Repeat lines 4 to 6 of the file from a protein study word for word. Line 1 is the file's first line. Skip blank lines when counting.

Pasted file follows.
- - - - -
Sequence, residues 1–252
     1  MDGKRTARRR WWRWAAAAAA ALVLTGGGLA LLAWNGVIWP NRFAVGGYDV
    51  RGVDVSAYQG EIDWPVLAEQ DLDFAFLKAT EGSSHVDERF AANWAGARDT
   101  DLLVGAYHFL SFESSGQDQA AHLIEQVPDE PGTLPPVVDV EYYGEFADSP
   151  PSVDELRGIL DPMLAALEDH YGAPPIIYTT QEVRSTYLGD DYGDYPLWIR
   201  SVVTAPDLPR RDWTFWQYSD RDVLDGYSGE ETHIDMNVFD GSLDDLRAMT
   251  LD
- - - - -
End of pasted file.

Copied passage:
   101  DLLVGAYHFL SFESSGQDQA AHLIEQVPDE PGTLPPVVDV EYYGEFADSP
   151  PSVDELRGIL DPMLAALEDH YGAPPIIYTT QEVRSTYLGD DYGDYPLWIR
   201  SVVTAPDLPR RDWTFWQYSD RDVLDGYSGE ETHIDMNVFD GSLDDLRAMT